private sector mandate'' includes a regulation that ``would impose an 
enforceable duty upon the private sector, except (i) a condition of 
Federal assistance or (ii) a duty arising from participation in a 
voluntary Federal program.''
    The designation of critical habitat does not impose a legally 
binding duty on non-Federal Government entities or private parties. 
Under the Act, the only regulatory effect is that Federal agencies must 
ensure that their actions do not destroy or adversely modify critical 
habitat under section 7. While non-Federal entities that receive 
Federal funding, assistance, or permits, or that otherwise require 
approval or authorization from a Federal agency for an action, may be 
indirectly impacted by the designation of critical habitat, the legally 
binding duty to avoid destruction or adverse modification of critical 
habitat rests squarely on the Federal agency. Furthermore, to the 
extent that non-Federal entities are indirectly impacted because they 
receive Federal assistance or participate in a voluntary Federal aid 
program, the Unfunded Mandates Reform Act would not apply, nor would 
critical habitat shift the costs of the large entitlement programs 
listed above onto State governments.
    (2) We do not believe that this rule would significantly or 
uniquely affect small governments because the lands being proposed for 
critical habitat

[[Page 58217]]

designation are primarily Federally or privately owned, and are managed 
by the State of Missouri. These government entities do not fit the 
definition of ``small governmental jurisdiction.'' Therefore, a Small 
Government Agency Plan is not required.

Takings--Executive Order 12630

    In accordance with E.O. 12630 (Government Actions and Interference 
with Constitutionally Protected Private Property Rights), we have 
analyzed the potential takings implications of designating critical 
habitat for the Big Creek crayfish and St. Francis River crayfish in 
takings implications assessments. The Act does not authorize the 
Service to regulate private actions on private lands or confiscate 
private property as a result of critical habitat designation.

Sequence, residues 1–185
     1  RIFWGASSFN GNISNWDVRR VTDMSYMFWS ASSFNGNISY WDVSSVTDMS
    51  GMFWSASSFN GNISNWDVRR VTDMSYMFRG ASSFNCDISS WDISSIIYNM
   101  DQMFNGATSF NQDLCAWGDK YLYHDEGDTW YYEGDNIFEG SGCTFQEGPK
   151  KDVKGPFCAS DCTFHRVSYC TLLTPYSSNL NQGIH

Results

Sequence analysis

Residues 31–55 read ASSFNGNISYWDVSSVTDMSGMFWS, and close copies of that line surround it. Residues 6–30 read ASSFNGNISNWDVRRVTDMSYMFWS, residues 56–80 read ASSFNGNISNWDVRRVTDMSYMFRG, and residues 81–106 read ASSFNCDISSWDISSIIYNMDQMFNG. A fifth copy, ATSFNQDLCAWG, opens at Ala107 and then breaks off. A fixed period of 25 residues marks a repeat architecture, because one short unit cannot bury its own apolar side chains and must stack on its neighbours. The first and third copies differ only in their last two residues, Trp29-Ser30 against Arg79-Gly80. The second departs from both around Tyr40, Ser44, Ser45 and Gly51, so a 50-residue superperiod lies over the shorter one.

Designation of critical habitat does not affect land ownership, or 
establish any closures or restrictions on use of or access to the 
designated areas. Furthermore, the designation of critical habitat does 
not affect landowner actions that do not require Federal funding or 
permits, nor does it preclude development of habitat conservation 
programs or issuance of incidental take permits to permit actions that 
do require Federal funding or permits to go forward. However, Federal 
agencies are prohibited from carrying out, funding, or authorizing 
actions that would destroy or adversely modify critical habitat. A 
takings implications assessment has been completed for both species and 
concludes that, if adopted, the designations of critical habitat for 
Big Creek crayfish and St. Francis River crayfish do not pose 
significant takings implications for lands within or affected by the 
designations.

Federalism--Executive Order 13132

    In accordance with E.O. 13132 (Federalism), this proposed rule does 
not have significant Federalism effects. A federalism summary impact 
statement is not required. In keeping with Department of the Interior 
and Department of Commerce policy, we requested information from, and 
coordinated development of these proposed critical habitat designations 
with, appropriate State resource agencies. From a federalism 
perspective, the designation of critical habitat directly affects only 
the responsibilities of Federal agencies. The Act imposes no other 
duties with respect to critical habitat, either for States and local 
governments, or for anyone else. As a result, the proposed rule does 
not have substantial direct effects either on the States, or on the 
relationship between the national government and the States, or on the 
distribution of powers and responsibilities among the various levels of 
government. The proposed designations may have some benefit to these 
governments because the areas that contain the features essential to 
the conservation of the species are more clearly defined, and the 
physical or biological features of the habitat necessary to the 
conservation of the species are specifically identified. This 
information does not alter where and what federally sponsored 
activities may occur. However, it may assist State and local 
governments in long-range planning because they no longer have to wait 
for case-by-case section 7 consultations to occur.
    Where State and local governments require approval or authorization 
from a Federal agency for actions that may affect critical habitat, 
consultation under section 7(a)(2) of the Act would be required. While 
non-Federal entities that receive Federal funding, assistance, or 
permits, or that otherwise require approval or authorization from a 
Federal agency for an action, may be indirectly impacted by the 
designation of critical habitat, the legally binding duty to avoid 
destruction or adverse modification of critical habitat rests squarely 
on the Federal agency.

Civil Justice Reform--Executive Order 12988

    In accordance with Executive Order 12988 (Civil Justice Reform), 
the Office of the Solicitor has determined that the rule does not 
unduly burden the judicial system and that it meets the requirements of 
sections 3(a) and 3(b)(2) of the Order. We have proposed designating